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Memorial to Thomas J. (Stonewall) Jackson

January 21 1824-May 10 1863

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From R. L. Dabney's Biography

Perhaps the most impressive exhibition of his prayerful spirit was that which was sometimes witnessed on the field of battle. More than once, as one of his favorite brigades was passing into action, he had been noticed sitting motionless upon his horse, with his right hand uplifted, while the war-worn column swept, in stern silence, close by his side into the storm of shot. For a time, it seemed doubtful whether it was mere abstraction of thought or a posture to relieve his fatigue. But at length those who looked more narrowly were convinced by his closed eyes and moving lips that he was wrestling in silent prayer for them! His fervent soul doubtless swelled with the solemn thoughts of his own responsibility and his country's crisis, of the precious blood he was compelled to put in jeopardy, and the souls passing, perhaps unprepared, to their everlasting doom; and of the orphanage and widowhood which was about to ensue. Recognizing the sovereignty of the Lord of Hosts, he interceded for his veterans, that "the Almighty would cover them with his feathers, and that his truth might be their shield and buckler." The moral grandeur of this scene was akin to that when Moses, upon the Mount of God, lifted up his hands while Israel prevailed against Amalek.

Stonewall Jackson

General Jackson's "Chancellorsville" Portrait, taken at a Spotsylvania County farm on April 26, 1863, seven days before his wounding at the Battle of Chancellorsville.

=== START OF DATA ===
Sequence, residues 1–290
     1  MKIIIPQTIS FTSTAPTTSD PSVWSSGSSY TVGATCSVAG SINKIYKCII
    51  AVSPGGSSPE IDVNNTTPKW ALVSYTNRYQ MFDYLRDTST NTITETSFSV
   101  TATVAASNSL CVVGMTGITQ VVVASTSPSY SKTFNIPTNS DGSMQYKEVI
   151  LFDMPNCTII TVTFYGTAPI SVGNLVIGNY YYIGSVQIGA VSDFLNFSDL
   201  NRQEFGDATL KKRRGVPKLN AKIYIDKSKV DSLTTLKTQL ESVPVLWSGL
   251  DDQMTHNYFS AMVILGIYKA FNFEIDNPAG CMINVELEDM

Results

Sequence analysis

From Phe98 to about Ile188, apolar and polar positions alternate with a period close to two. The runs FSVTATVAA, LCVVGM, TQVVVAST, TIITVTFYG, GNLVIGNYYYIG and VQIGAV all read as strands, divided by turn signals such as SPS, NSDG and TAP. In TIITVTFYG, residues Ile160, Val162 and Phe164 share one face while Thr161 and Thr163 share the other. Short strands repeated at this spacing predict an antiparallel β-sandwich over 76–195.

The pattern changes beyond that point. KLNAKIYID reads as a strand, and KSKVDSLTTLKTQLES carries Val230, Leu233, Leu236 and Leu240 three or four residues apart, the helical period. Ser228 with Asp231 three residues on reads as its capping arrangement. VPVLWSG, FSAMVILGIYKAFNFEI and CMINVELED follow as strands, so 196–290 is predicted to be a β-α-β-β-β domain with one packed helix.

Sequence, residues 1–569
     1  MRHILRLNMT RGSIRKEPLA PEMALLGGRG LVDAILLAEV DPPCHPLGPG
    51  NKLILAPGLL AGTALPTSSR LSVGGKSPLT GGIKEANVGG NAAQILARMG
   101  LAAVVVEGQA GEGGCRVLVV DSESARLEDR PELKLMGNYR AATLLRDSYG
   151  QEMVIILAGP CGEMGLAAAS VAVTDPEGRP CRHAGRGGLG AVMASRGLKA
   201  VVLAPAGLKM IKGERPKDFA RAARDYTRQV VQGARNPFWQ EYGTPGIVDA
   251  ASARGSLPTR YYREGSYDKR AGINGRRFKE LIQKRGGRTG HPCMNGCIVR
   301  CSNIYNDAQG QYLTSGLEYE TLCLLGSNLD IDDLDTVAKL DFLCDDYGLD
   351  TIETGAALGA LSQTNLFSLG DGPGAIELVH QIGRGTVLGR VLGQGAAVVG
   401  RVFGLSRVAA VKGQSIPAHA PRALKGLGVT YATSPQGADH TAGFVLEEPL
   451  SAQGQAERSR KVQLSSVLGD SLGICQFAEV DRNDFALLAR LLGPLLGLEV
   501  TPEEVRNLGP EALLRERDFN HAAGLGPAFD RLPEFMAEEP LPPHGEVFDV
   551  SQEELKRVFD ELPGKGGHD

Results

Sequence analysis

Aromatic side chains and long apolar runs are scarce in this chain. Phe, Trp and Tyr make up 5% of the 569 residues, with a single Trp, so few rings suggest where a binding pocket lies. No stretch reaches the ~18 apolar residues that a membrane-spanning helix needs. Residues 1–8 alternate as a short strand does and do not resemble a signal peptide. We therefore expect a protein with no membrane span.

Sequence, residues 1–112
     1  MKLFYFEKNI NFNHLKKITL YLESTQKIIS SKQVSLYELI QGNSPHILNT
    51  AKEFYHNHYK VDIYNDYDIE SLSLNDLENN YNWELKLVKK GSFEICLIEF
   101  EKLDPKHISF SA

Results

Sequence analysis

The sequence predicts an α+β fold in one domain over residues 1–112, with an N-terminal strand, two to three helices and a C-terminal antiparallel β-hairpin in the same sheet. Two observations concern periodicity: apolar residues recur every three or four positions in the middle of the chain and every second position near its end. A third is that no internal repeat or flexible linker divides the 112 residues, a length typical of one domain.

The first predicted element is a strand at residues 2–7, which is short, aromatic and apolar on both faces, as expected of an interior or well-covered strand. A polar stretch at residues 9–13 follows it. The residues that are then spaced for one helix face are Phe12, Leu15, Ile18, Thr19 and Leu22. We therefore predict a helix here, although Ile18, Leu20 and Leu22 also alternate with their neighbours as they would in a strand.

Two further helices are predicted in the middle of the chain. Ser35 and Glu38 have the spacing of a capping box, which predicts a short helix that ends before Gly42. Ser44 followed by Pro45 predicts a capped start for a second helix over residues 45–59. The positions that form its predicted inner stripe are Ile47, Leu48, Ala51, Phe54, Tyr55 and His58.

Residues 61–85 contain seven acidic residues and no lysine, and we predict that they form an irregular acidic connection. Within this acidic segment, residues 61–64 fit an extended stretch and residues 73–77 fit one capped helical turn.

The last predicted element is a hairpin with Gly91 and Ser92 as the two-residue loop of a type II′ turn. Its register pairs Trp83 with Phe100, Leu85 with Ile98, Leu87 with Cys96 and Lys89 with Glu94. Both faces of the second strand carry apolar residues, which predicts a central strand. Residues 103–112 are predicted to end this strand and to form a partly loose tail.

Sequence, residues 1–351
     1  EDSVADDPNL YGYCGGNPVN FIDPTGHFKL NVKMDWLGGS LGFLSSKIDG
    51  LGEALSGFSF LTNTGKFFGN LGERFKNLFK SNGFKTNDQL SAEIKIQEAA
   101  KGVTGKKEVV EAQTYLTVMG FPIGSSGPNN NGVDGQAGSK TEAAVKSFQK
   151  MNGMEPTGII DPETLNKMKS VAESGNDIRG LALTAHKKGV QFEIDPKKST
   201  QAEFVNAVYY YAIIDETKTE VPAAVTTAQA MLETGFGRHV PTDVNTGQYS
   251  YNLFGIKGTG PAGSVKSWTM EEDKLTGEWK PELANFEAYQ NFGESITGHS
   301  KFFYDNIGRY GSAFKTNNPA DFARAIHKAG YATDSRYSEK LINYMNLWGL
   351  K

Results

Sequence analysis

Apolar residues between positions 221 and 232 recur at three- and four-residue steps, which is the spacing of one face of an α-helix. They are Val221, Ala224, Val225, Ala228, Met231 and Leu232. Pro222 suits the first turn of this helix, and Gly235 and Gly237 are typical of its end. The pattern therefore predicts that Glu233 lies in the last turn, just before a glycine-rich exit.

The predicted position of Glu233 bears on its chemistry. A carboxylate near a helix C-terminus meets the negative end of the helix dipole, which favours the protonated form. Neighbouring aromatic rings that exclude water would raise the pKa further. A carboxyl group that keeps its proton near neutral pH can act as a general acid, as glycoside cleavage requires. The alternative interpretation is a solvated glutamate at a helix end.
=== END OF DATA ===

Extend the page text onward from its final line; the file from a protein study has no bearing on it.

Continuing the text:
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Dabney's Description Continued

The Christian reader will easily comprehend that one so conscientious, and believing, and devout, was a happy man. He had, while in Lexington, his domestic bereavements, and he felt them as every man of sensibility must; but the consolations of the gospel abounded in him at those seasons. His habitual frame was a calm sunshine. He was never desponding and never frivolous. It is manifest that in all the later years of his religious life, his soul dwelt continually in the blessed assurance of his acceptance through the Redeemer; and this steady spiritual joy purified and elevated all his earthly affections. It is the testimony of his pastor that he was the happiest man he ever knew. The assurance that "all things work together for good to them that love God, to them who are the called according to his purpose," was to him a living reality. It robbed suffering of all its bitterness and transmuted trials into blessings.

"Pray Without Ceasing"

A friend was once conversing with Stonewall Jackson about the difficulty of obeying the Scripture injunction, 'pray without ceasing,' and Jackson insisted that we could so accustom ourselves to it that it could be easily obeyed. "When we take our meals, there is the grace. When I take a drink of water, I always pause as my palate receives the refreshment to lift up my heart to God in thanks and prayers for the water of life. Whenever I drop a letter into the box at the post office, I send a petition along with it for God's blessing upon its mission and upon the person to whom it is sent. When I break the seal of a letter just received, I stop to pray to God that he may prepare me for its contents and make it a messenger of good. When I go to my classroom and await the arrangement of the cadets in their places, that is my time to intercede with God for them. And so of every other familiar act of the day."

Stonewall Jackson: A Military Biography by John Esten Cooke


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